1. Neil Shah pointed out that “there are modest proposals that would help educate the public in order to lay the groundwork for reducing drug prices for consumers. First would be mandatory disclosure of drug price kickbacks other than to consumers. Disclose the lowest cash-payer price and the patient’s Out-of-pocket (OOP) insurance price to the consumer at the pharmacy. The patient can then choose which price they’d like to pay – cash or insurance-allowed (see: GoodRx). Second, mandatory disclosure of rebates – both to PBMs and to insurers – on a per drug basis publicly reported online. Again, the public (consumers) – and most companies who pay for commercial health insurance (employers) – do not understand how badly they are being fleeced.


  1. Up-date from DC and MN for 2020—Dave Racer discussion
    1. “The MN GOP Healthcare Task Force (RHCTF) bill is called the Minnesota Patients’ Medical Care Affordability and Quality Act (MNMCAQ). The bill is a comprehensive proposal for reforming the MN insurance system. It includes a new internal to coverage version of  Minnesota’s successful (1976-2013) Minnesota’s Comprehensive Health Association (MCHA) covering expensive pre-existing medical conditions. The bill was not further discussed.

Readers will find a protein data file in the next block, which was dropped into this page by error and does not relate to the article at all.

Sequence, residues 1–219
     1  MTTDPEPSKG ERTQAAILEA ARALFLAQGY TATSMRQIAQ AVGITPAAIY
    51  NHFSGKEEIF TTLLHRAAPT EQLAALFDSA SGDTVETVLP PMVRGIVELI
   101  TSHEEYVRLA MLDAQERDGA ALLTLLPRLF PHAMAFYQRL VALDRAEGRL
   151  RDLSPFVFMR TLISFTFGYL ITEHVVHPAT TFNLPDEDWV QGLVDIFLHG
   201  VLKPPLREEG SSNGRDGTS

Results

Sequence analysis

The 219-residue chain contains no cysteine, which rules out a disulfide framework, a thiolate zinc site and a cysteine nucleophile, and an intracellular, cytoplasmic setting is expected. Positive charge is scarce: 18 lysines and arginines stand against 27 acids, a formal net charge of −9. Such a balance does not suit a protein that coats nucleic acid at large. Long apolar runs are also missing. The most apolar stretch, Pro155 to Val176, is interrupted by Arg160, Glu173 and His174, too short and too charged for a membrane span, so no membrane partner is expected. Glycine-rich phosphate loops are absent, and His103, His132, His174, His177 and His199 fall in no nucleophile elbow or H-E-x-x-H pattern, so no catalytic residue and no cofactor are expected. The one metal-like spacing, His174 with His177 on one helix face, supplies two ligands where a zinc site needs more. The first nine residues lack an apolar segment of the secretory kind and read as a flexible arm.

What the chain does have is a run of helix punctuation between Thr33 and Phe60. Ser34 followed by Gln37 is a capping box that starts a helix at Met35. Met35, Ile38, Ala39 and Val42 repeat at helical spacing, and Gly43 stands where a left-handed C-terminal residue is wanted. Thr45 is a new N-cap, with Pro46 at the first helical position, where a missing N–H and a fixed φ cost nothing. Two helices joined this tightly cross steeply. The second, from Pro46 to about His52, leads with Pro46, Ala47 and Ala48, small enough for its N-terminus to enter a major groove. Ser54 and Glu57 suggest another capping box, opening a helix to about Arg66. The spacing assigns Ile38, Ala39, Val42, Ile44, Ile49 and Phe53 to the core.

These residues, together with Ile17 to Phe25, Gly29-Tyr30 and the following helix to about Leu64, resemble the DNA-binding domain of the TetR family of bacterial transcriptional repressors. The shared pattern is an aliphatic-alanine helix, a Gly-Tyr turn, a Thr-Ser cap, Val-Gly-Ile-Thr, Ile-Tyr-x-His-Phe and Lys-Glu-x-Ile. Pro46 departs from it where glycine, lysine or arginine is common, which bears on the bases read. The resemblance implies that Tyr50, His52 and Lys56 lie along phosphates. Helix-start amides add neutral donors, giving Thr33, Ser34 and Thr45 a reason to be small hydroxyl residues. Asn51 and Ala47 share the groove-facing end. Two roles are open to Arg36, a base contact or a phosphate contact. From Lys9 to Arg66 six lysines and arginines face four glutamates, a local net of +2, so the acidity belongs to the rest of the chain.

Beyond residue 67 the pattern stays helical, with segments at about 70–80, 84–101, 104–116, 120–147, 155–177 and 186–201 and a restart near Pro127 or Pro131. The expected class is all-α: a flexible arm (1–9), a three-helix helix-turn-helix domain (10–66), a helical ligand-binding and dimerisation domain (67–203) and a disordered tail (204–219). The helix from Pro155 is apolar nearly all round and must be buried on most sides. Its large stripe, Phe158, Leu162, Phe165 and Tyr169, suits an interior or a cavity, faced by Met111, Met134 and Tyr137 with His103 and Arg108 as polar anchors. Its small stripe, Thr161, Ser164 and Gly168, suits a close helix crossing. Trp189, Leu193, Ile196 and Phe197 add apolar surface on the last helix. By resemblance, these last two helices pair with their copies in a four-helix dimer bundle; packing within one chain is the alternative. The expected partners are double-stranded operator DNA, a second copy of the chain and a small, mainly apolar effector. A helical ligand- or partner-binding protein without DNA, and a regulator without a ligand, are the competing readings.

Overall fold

2. An important new book: The Manual: Health care 2020: Connecting the Dots by Greg Dattilo and Dave Racer was discussed. [  click on “order a copy”].
    3. After passing MN 2018 laws (62J.81 ff) mandating the posting of clinic prices (including Medicare, Medicaid, Insurance-carrier, and billed prices, the authors were able to explain and “connect the data” dots about the use and value of medical care and insurance (third party) price disclosure for Minnesota clinics and hospital systems.
    4. The spread between Medicare and posted prices shows that the mean price for care in Minnesota was 201% of Medicare allowable rates with a high of 282% and low of 109%. [see attached email file table from the book]. The Racer-Dattilo charts include, among other things, the insurance company’s discounted rates for services/procedures reported as well.